“I continue to be amazed at how when we try to do things in our state that are just common sense, that they are politicized, ” Haley said at the open of today’s press conference.
Senate Democrats have been outspoken against the new law that requires citizens to have state-approved photo identification to vote, which means that those with only a voter registration card can only vote on a provisional ballot. Critics argue that elderly people who cannot travel easily or those who do not have a birth certificate will have to go to great lengths to regain their voting privileges.
In a statement today, the state Senate Democratic Caucus called the offer by the governor “a stunt.”
“Governor Haley and the Republicans continue to miss the point. The issue is their voter suppression law discriminates against people,” said Senator Brad Hutto (D-Orangeburg), who adds, “And one day of Haley’s Cab Company is not going to fix it.”
The U-S Justice Department is reviewing South Carolina’s new voter ID law and has recently asked for more information. Haley says she hopes these efforts will help: “I hope that this shows them that we are serious about this, that this is not just a political tactic that others are trying to make it, that we actually care about the electoral process. And we want to do everything we can to make sure that everybody that wants to vote, can vote.”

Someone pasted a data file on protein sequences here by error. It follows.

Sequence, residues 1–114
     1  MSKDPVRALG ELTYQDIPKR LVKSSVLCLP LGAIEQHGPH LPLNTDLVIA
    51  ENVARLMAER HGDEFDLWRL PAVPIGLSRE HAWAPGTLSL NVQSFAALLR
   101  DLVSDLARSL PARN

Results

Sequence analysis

DMV director Kevin Schwedo says he has dedicated much of his resources to making this event happen so that anyone who wants an ID —and qualifies– can get one.
AUDIO : Schwedo explains the process (2:19)
“If you have to show a picture ID to buy Sudafed, if you have to show a picture ID to get on an airplane, you should show a picture ID when you vote,” said Governor Nikki Haley.
To obtain an identification card, citizens must have a birth certificate, Social Security card and proof of residency.
“The most important thing citizens need to remember is that we cannot issue any type of credential without the proper documents to back it up. That’s the hurdle most people face when trying to get an identification card,” said Shwedo. “For many people, the real problem is getting a birth certificate.”
To apply for a birth certificate, citizens born in South Carolina must contact the the Division of Vital Records at the Department of Health and Environmental Control. Citizens not born in South Carolina should contact their birth state for assistance.
To participate, citizens may call 1-855-STATE ID (1-855-782-8343) toll-free and DMV will accept requests through September 22.
Participating citizens must be physically able to walk either on their own power, with a walker or with a cane. DMV employees are not prepared to deal with special needs.